7. ^ "Too much writing on the region has - consciously or unconsciously - clung to an outdated image of 'Eastern Europe', desperately trying to patch together political and social developments from Budapest to Bukhara or Tallinn to Tashkent without acknowledging that this Cold War frame of reference is coming apart at the seams. Central Europe Review: Re-Viewing Central Europe By Sean Hanley, Kazi Stastna and Andrew Stroehlein, 1999
  8. ^ Berglund, Sten; Ekman, Joakim; Aarebrot, Frank H. (2004), The handbook of political change in Eastern Europe, Edward Elgar Publishing [via Google Books], p. 2, http://books.google.com/books?id=HeRzzwzdfPkC&pg=PA2&lpg=PA2&dq=Eastern+Europe+term+outdated&source=bl&ots=LSLHG97Qxj&sig=6WDECgIXGRj7hrP6RNTBMqCvMHE&hl=en&ei=63n9StCdDNjD_gbp0vSMCw&sa=X&oi=book_result&ct=result&resnum=5&ved=0CBgQ6AEwBDgU#v=onepage&q=Eastern%20Europe%20term%20outdated&f=false, retrieved 2011-10-05, "The term 'Eastern Europe' is ambiguous and in many ways outdated."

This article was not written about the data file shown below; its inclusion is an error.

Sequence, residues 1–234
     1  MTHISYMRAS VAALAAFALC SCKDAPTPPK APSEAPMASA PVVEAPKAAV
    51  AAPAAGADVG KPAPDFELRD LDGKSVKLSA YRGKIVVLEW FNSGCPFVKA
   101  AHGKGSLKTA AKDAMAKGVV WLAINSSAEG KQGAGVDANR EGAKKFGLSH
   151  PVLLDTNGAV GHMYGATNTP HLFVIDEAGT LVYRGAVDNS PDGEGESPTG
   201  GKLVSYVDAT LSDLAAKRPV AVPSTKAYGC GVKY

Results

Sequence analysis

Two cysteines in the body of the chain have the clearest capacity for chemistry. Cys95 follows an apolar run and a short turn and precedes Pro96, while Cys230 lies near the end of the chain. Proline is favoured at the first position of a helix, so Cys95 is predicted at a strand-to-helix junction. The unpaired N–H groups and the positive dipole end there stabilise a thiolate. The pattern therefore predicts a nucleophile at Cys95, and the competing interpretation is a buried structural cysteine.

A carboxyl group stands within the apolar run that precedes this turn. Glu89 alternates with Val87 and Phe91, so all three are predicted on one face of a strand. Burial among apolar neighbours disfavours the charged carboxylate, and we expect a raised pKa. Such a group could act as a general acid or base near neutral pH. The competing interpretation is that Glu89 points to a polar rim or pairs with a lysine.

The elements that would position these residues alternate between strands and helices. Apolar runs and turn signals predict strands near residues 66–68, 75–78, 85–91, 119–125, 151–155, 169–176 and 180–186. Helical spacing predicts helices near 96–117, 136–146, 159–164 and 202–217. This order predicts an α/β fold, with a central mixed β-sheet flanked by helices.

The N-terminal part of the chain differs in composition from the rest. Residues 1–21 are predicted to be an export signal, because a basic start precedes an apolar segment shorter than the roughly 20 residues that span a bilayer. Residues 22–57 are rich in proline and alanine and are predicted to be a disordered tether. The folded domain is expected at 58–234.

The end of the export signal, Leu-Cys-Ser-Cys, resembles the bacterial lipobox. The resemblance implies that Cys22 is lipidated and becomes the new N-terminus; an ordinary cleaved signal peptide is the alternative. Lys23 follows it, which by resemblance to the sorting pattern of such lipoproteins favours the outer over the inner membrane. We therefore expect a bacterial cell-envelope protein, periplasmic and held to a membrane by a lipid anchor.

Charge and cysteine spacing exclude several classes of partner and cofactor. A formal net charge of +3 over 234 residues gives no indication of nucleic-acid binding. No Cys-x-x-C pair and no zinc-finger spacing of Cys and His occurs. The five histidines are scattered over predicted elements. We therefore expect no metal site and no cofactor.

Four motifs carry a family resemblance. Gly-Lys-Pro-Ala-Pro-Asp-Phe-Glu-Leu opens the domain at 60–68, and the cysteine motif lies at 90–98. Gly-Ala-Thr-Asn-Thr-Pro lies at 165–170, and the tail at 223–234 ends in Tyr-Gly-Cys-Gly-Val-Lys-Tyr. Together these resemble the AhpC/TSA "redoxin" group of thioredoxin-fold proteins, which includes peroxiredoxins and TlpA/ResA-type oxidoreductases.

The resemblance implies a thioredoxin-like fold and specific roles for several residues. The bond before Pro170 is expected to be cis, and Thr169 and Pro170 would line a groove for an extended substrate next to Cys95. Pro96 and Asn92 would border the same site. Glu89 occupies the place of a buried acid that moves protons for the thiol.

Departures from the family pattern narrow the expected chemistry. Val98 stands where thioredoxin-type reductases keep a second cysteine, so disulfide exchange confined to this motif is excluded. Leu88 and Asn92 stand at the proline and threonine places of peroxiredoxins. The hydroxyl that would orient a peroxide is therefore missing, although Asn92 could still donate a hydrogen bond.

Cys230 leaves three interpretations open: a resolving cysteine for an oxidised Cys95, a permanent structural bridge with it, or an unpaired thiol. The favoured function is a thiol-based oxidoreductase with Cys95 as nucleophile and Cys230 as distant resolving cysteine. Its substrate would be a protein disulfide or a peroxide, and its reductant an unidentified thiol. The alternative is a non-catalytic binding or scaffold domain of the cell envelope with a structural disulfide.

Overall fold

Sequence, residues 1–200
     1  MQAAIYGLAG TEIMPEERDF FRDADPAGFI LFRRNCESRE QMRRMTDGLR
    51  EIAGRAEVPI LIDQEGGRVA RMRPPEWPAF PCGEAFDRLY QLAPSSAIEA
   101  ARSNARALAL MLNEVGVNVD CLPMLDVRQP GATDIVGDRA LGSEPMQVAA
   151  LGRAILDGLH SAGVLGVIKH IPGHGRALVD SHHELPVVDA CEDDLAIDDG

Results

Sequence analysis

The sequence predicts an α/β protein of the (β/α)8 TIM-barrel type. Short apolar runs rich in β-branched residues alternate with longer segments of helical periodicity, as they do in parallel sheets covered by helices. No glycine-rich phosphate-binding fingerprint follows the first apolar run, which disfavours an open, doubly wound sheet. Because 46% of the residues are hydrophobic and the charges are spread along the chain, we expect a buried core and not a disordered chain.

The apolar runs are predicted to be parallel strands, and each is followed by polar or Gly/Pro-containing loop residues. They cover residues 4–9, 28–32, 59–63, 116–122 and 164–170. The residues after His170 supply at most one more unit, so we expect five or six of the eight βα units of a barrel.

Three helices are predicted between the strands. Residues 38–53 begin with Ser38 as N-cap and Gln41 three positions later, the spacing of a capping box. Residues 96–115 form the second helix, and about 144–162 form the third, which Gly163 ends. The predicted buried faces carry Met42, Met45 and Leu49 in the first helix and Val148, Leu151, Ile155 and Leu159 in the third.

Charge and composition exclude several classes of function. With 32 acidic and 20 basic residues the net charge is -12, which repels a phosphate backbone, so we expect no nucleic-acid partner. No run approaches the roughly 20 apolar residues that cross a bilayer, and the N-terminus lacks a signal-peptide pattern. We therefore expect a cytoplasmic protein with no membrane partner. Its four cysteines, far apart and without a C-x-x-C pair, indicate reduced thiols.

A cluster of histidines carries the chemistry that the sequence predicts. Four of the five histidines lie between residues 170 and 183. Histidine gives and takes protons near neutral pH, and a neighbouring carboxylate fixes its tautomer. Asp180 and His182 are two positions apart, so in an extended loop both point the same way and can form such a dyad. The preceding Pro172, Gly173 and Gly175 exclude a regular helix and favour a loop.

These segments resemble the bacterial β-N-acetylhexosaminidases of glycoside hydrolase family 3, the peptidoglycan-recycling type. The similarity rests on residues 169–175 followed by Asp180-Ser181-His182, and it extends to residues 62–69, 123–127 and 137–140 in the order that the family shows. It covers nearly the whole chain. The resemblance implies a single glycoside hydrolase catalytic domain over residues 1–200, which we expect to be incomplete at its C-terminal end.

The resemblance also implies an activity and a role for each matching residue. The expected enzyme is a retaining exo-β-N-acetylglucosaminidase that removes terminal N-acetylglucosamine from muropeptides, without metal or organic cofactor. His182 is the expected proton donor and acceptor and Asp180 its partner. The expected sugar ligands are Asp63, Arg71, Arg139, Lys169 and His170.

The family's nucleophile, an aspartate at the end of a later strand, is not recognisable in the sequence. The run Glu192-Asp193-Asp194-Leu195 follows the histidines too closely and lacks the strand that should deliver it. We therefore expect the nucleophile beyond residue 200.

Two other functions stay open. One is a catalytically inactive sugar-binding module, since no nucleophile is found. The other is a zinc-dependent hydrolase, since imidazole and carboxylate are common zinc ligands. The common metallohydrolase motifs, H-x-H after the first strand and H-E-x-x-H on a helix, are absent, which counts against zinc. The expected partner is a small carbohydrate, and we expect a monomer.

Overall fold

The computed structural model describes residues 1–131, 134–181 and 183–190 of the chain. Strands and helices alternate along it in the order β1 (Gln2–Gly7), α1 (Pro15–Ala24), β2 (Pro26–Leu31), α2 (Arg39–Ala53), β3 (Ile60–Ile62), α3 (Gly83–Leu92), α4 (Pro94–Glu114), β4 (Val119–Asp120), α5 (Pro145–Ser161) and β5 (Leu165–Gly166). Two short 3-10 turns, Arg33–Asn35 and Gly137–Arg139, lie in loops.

9. ^ Area Handbook of the US Library of Congress: History of Israel http://motherearthtravel.com/history/israel/history-2.htm
  10. ^ Drake, Miriam A. (2005) Encyclopedia of Library and Information Science, CRC Press
  11. ^ a b United Nations Statistics Division- Standard Country and Area Codes Classifications (M49)
  12. ^ Population Division, DESA, United Nations: World Population Ageing 1950-2050
  13. ^ United Nations Statistics Division- Standard Country and Area Codes Classifications (M49)
  14. ^ a b c d United Nations Statistics Division - Geographical Names and Information Systems
  15. ^ including Canada
  16. ^ Eastern Europe and Central Asia
  17. ^ Eastern Europe
  18. ^ Europe and Central Asia
  19. ^ UNICEF - Information by country - CEE/CIS and Baltic States
  20. ^ EuroVoc